In an alternative embodiment, the periodic patterns could have any combination of different periodicities to address undesired vibrational modes in either of a corresponding length or width direction of the plate. This can include differences in wavelengths between corresponding edges of the upper and lower electrodes. Moreover, the periodic patterns can take on any waveshape such as square, triangular, sawtooth, alternating semi-circles, sinusoidal, etc. Preferably, the periodic patterns are of a sinusoidal shape since this does not generate energy-wasting harmonics and most closely matches the naturally sinusoidal vibration modes. The patterns could also have ascending or descending wavelengths within the wave pattern which can be used to cover a specific range of wavelengths and frequencies. It is also possible to superimpose several waveforms of differing wavelengths along a portion of any of the periodic patterns in order to generate a particular desired set of responses.
In addition, the periodic patterns could have any combination of different amplitudes to address undesired vibrational modes of differing magnitudes. This can include differences in amplitude of wave patterns between corresponding edges of the upper and lower electrodes. The patterns could also have ascending or descending amplitudes within the wave pattern to cover a specific range of magnitudes.
FIG. 6 shows a block diagram of a communication device 200 which includes a temperature compensated crystal oscillator (TCXO) circuit as a reference oscillator 300. The TCXO circuit utilizes a quartz resonator, in accordance with the present invention. In one embodiment, the communication device 200 is a well known frequency synthesized two-way transceiver which operates under the control of a controller 210. The communication device 200 includes a receiver 220 and a transmitter 230 which receive and transmit RF via an antenna 240. The antenna 240 is appropriately coupled between the receiver 220 and the transmitter 230 by a duplexer or an antenna switch 250. The communication device 200 also includes a well known phase locked loop synthesizer 260 which, under the control of the controller 210, provides a receiver local oscillator signal 262 and a transmitter local oscillator signal 264. The reference oscillator 300 includes the quartz resonator of the present invention and provides a reference signal 272 for the synthesizer 260. The reference signal 272 is generated utilizing the principles of the present invention.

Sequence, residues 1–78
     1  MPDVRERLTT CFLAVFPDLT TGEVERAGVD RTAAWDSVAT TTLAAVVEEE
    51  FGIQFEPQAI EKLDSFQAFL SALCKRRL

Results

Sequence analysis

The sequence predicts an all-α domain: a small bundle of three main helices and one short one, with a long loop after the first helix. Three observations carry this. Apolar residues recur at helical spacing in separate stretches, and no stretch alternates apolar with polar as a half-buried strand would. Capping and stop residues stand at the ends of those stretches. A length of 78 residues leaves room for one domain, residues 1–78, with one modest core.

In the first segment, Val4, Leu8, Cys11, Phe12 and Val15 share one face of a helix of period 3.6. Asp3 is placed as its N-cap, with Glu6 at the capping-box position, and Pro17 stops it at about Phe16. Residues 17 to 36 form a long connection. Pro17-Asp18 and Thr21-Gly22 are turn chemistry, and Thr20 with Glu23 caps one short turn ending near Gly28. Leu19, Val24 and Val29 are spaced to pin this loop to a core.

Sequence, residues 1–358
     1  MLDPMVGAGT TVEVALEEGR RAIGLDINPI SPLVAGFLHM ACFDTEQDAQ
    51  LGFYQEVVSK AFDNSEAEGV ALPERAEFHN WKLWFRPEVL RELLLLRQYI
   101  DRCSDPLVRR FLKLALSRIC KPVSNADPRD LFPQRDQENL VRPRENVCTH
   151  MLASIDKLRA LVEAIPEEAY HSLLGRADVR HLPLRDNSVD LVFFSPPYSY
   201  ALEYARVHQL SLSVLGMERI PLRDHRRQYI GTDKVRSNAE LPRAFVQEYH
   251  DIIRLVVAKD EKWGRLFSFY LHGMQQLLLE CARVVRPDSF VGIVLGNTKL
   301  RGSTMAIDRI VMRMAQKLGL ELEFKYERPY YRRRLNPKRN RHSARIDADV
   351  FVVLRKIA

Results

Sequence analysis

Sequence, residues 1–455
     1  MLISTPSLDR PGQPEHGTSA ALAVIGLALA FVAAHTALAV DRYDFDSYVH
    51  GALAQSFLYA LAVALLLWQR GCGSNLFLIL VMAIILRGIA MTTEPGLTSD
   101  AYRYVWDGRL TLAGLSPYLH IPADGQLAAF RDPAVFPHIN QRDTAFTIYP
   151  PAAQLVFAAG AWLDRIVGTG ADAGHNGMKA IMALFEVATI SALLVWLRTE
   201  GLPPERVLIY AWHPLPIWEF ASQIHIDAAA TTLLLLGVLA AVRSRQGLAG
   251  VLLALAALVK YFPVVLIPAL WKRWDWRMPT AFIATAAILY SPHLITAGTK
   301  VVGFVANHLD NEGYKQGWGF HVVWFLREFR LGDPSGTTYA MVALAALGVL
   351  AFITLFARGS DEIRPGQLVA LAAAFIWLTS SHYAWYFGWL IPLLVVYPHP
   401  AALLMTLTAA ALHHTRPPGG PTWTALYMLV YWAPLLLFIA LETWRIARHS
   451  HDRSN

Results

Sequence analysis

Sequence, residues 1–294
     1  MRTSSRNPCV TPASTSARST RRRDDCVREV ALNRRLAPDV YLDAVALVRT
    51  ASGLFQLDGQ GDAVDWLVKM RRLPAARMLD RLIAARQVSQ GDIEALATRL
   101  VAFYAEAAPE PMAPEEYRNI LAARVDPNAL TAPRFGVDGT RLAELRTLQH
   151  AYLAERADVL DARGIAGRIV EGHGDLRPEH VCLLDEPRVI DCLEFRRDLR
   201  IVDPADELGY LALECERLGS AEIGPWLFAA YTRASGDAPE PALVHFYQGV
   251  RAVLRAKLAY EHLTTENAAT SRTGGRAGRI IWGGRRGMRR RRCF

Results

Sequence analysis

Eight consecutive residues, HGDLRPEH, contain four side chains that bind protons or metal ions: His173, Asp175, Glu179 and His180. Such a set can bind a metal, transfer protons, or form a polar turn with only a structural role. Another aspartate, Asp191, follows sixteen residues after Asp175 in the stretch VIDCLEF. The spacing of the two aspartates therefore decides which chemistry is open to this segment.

The following experimental results serve to give an illustration of the practice of this invention, and are not intended in any way to limit the scope of this invention.
Several experiments were conducted to empirically determine the frequency-temperature responses of a group of AT-cut rectangular quartz resonators utilizing the principles of the present invention. A group of resonators were constructed on AT-cut strip quartz blanks with dimensions of about 188 mils (4.8 mm) in length by about 95 mils (2.4 mm) in width by about 5 mils (0.13 mm) thick. The blanks were electroded and mounted with conductive epoxy in standard surface mount packages, followed by testing the resonators over temperature, all using processes known in the art. The electrodes had dimensions of about 95 mils (2.4 mm) in length by an average width of about 65 mils (1.65 mm). The resonators had a frequency of about 13 MHz.
As is known in the art, a piezoelectric body will support vibration modes along an edge that have an integral number of half wavelengths, with nodes being one-quarter wavelength in from each respective edge, and every one-half wavelength thereafter. For example, the wavelength of a desired thickness-shear vibration is:
λTS =2t/n (n=1, 3, 5 . . . )
where t is the thickness of the blank (at one-half wavelength) and n is the overtone mode of operation. In AT-cut quartz this relationship can also be defined in terms of the acoustic wave velocity of quartz. The acoustic wave velocity of a thickness-shear wave in quartz is known to be about 3300 m/sec. Therefore, the wavelength of a desired thickness-shear vibration is:
λTS =(3300 m/sec)/nf (n=1, 3, 5 . . . )